David Bosch writes:
The Japanese character for “crisis” is a combination of the characters for “danger” and “opportunity” (or promise). Crisis is therefore not the end of opportunity but only its beginning (Koyama 1980:4). Danger and opportunity meet where events can go either way and the future is precarious.
David Barrett has calculated that, in Europe and North America, an average of 53,000 persons are permanently leaving the Christian church from one Sunday to the next. You can see it here at a glance. The other crisis in our day is what Lamin Sanneh called “Christian Missions and the Western Guilt Complex.” You can read Lamin Sanneh’s illuminating article here. Lamin Sanneh writes that False Guilt has made church administrators feel like apologizing for sending missionaries to Asia and Africa and the Middle East. This false guilt syndrome is pretty widespread in mainline denomination offices. Max Warren, for many years General Secretary of the Church Missionary Society in Great Britain, referred to “a terrible failure of nerve about the missionary enterprise.” In some circles this has led to an almost complete paralysis and total withdrawal from missionary activity. This cannot be how it ends, because, David Bosch writes, “Christian faith is intrinsically missionary.”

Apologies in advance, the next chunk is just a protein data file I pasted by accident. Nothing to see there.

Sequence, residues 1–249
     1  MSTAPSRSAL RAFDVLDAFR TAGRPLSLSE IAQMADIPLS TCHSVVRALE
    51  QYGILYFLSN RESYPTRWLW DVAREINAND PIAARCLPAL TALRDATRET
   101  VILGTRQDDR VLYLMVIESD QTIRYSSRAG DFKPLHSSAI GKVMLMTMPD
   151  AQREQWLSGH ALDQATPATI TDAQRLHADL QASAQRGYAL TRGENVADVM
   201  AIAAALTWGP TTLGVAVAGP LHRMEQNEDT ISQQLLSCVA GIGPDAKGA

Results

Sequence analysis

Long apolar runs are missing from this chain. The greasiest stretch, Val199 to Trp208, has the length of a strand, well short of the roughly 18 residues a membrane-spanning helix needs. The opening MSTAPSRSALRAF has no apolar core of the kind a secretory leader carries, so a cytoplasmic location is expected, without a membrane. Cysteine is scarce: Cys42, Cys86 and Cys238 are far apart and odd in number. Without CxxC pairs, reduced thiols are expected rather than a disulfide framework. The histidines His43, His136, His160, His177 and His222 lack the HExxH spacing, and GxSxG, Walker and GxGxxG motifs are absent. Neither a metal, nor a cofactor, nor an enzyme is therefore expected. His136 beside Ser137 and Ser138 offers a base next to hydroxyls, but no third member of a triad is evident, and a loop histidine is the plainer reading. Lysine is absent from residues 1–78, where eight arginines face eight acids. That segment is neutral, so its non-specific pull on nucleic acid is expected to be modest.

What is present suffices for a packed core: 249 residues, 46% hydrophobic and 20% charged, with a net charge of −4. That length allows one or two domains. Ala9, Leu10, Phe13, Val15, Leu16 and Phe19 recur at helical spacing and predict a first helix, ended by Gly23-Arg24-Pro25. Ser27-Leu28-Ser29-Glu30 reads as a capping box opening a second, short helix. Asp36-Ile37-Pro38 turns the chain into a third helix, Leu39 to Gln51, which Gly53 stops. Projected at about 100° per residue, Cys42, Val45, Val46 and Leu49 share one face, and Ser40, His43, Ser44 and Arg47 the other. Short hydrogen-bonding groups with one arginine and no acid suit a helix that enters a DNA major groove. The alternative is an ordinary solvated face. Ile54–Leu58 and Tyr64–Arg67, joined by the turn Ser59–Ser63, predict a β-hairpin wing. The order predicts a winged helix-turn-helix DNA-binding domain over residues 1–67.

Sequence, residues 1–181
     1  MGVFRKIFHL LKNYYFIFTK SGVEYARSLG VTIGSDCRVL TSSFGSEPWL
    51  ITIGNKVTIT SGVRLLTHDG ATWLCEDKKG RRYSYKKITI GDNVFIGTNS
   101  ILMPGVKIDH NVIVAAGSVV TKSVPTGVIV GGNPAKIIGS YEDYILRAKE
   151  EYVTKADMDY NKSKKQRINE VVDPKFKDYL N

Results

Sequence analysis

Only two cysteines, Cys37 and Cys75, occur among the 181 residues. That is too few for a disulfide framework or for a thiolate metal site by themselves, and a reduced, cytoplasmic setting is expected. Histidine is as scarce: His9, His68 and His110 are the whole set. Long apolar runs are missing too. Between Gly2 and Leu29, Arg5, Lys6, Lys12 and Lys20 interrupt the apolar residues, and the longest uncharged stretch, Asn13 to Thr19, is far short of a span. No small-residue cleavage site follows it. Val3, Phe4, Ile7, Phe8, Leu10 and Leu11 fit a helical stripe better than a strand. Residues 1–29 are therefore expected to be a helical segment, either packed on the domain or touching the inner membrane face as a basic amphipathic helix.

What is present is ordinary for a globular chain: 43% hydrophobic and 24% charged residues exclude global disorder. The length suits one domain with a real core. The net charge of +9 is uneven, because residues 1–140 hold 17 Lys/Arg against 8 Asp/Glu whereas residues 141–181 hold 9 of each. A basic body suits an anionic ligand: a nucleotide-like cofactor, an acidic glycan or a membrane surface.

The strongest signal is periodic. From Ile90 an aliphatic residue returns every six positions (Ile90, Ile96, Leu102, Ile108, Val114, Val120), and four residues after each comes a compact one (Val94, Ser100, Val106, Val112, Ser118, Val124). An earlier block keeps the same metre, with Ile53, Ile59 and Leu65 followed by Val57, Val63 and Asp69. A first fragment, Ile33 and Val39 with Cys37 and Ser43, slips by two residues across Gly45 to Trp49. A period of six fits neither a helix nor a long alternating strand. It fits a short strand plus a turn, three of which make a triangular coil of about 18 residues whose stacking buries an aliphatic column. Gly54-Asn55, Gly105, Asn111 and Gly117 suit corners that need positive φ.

Blincoe: Christian renewal will come, though not through what we normally call “church.” The wind will blow outside the four walls of our buildings. We won’t follow the pillar of fire of we stay inside with our hands raised. God will gather His people and send His people in new ways.
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 David Jacobus Bosch, Transforming Mission: Paradigm Shifts in Theology of Mission (Maryknoll, NY: Orbis Books, 1991). 3. Citing David Barrett (1982:7)
 Ibid. 3
 Ibid. 6-7
 Ibid. 8. See page 9 for a profound set of “reasons” for the mission of the kingdom to go ahead.